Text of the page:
Metro’s board of directors voted Thursday to cut late-night service hours for a two-year period starting next summer.
Under the final schedule, rail service will shut down at 11:30 p.m. from Monday to Thursday nights, 1 a.m. Friday and Saturday nights, and 11 p.m. Sunday nights. The system will also open later on Sunday mornings: 8 a.m., instead of the current weekend opening time at 7 a.m.
The principal members of the board voted unanimously to approve Metro’s proposed schedule changes, despite previous threats of a jurisdictional veto from the District’s voting members on the board, Jack Evans and Corbett Price.
The consensus came about because of an 11th-hour compromise, orchestrated in part by the finance committee’s chairman, Michael Goldman: Under a new amendment, Metro will be required to provide a progress report on its preventive maintenance program in May 2018.
The additional clause was meant to address Evans’s and Price’s concerns that two years of automatic late-night service cuts would provide a “carte blanche” to Metro management. Evans had argued in previous meetings that agency officials should be kept on a shorter leash and should be forced to provide annual evidence of why the shorter hours — and the sacrifices made by riders dependent on late-night service — would continue to be necessary.
“I know this was a difficult decision,” said Jim Corcoran, a Virginia board member, giving a specific nod to Evans and Price. “I appreciate the negotiation that you did to get to a place where you can provide these hours.”
After the vote, Evans explained why he felt that May 2018 progress report was enough of a concession to allow the District to sign on.
“It’s important for me, for the District, and for other members of the board to have an update on what’s happened, how we’re doing, and why we need to do this for another year,” Evans said.
Evans said that the late-night service decision demonstrates that board members are committed to compromise, despite accusations of ‘rampant parochialism.’ He said he believes that Thursday’s vote provides reason to be optimistic that other tough decisions slated for 2017 — such as potential budget-balancing fare hikes and service cuts — will conclude with similar accord.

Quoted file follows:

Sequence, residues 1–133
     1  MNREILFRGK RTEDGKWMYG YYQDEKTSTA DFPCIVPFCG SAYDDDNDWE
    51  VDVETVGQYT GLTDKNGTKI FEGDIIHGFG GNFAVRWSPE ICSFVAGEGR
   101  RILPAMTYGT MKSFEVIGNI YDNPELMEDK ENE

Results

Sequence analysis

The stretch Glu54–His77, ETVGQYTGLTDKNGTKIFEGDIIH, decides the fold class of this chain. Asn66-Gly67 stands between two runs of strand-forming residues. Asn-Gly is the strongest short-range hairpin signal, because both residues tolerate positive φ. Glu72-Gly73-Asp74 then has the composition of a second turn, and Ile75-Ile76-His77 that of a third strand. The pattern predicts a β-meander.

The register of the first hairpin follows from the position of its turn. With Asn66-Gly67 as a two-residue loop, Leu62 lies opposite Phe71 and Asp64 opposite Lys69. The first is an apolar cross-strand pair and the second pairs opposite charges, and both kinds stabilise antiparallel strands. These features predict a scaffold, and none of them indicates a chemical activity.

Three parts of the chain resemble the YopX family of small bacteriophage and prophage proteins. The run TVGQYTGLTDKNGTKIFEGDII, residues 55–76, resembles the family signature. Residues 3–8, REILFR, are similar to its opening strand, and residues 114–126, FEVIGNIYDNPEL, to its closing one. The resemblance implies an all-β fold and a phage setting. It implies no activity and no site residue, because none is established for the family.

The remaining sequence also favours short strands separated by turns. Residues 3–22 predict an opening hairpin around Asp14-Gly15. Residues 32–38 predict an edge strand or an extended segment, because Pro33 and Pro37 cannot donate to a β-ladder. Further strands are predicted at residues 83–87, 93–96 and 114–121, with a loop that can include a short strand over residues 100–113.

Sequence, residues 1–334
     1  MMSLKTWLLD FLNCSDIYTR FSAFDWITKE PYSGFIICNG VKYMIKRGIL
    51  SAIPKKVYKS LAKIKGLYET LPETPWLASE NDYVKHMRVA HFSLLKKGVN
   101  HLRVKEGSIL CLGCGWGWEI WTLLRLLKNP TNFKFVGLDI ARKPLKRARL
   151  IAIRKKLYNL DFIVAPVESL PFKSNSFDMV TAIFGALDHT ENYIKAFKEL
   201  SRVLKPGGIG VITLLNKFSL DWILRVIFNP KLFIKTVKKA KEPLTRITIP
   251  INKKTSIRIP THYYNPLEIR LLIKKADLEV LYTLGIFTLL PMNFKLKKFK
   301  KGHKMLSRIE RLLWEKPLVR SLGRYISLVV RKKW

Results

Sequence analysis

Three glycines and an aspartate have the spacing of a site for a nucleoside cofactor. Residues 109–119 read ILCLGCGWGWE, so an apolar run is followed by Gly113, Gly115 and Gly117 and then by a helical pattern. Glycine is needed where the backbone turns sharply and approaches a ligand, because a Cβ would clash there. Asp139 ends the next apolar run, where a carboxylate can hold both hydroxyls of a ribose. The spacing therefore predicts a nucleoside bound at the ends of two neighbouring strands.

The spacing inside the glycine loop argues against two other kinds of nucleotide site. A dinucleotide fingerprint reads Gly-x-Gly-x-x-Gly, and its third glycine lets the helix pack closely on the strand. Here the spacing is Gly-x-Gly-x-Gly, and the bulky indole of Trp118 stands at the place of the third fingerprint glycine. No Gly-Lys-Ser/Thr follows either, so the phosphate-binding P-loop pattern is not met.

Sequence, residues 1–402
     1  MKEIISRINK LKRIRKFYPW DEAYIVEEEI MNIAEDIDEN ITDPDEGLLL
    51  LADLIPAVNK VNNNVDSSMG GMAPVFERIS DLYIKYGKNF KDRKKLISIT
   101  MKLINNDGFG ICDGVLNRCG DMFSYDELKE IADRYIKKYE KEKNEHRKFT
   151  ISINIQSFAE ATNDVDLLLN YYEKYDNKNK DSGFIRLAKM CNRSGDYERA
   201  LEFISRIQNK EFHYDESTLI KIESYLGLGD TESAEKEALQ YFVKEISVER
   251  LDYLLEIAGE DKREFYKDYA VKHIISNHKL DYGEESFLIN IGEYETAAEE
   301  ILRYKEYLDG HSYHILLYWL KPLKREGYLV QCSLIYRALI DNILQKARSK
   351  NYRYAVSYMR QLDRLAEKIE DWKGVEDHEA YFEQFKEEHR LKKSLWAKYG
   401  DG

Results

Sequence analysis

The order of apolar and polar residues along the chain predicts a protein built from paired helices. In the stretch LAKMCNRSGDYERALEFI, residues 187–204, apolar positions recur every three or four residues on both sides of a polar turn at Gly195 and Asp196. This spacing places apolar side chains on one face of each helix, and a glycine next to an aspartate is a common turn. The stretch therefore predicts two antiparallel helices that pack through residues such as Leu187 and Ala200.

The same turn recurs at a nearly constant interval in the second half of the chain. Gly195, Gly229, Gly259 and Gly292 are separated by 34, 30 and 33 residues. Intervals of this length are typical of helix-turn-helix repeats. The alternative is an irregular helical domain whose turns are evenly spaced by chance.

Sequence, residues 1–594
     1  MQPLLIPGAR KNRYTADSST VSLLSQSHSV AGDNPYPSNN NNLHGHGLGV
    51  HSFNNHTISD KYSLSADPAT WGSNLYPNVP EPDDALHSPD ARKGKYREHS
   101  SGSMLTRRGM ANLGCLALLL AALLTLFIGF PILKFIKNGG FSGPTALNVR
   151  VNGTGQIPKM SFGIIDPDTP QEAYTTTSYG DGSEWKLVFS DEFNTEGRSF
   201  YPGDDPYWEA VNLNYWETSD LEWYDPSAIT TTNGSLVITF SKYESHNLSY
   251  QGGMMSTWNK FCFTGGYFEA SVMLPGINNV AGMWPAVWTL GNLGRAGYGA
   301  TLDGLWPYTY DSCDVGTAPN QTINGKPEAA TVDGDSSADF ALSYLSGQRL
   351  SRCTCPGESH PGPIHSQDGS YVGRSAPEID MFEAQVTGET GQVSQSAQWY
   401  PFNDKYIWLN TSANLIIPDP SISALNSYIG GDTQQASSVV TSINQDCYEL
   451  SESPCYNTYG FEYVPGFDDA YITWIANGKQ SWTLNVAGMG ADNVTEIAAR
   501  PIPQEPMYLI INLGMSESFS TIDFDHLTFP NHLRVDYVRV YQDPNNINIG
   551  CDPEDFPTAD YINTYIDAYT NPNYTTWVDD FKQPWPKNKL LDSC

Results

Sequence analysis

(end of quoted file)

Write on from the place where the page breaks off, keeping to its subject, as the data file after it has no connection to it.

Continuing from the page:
“I hope that is the template we use going forward,” Evans said.
The schedule changes will begin in July 2017, and will continue until at least June 2019. If Metro wants to continue the shortened hours past that date, they will have to bring the issue to the Metro board again for further approval.
Metro General Manager Paul J. Wiedefeld first proposed the idea of cutting evening hours last July, arguing that years of deferred maintenance had created a backlog of repairs that was too large to tackle during the existing maintenance window in the middle of the night.
That view was bolstered by reports from the Federal Transit Administration and the National Transportation Safety Board, both of which said that Metro track maintenance crews do not have enough time to perform proper inspections and repairs.
Wiedefeld had originally proposed cutting weekend evening hours even more significantly — shuttering the system at midnight on Friday and Saturdays, and 10 p.m. Sundays — but ultimately decided on a schedule that spread the cuts throughout the week, following feedback from surveys and testimony at a public hearing.
Metro’s hours are already curtailed for the duration of the SafeTrack maintenance program, which is scheduled to end next spring. Currently, the system closes at 12 a.m. every night of the week. Before the start of SafeTrack, Metro closed at 3 a.m. on Friday and Saturday nights.
The continuation of late-night service cuts is expected to have a dramatic impact on hospitality workers who, in the past, relied on Metro to get home from bars and restaurants at the end of their shift.
The schedule change has also been a major concern for D.C. businesses, which have reported a decline in late-night business because of the SafeTrack schedule cuts.
“The loss of late-night transit service is not simply detrimental to nightlife, it damages the economy of this region,” said Neil Albert, executive director of the DowntownDC Business Improvement District.
“The [Washington Metropolitan Area Transit Authority] board of directors must insist on restoring late-night service as soon as possible, without compromising the system’s maintenance needs,” he added. “Transit systems in peer cities around the country and around the world offer that level of service, and it’s up to the WMATA board of directors to set that same standard.”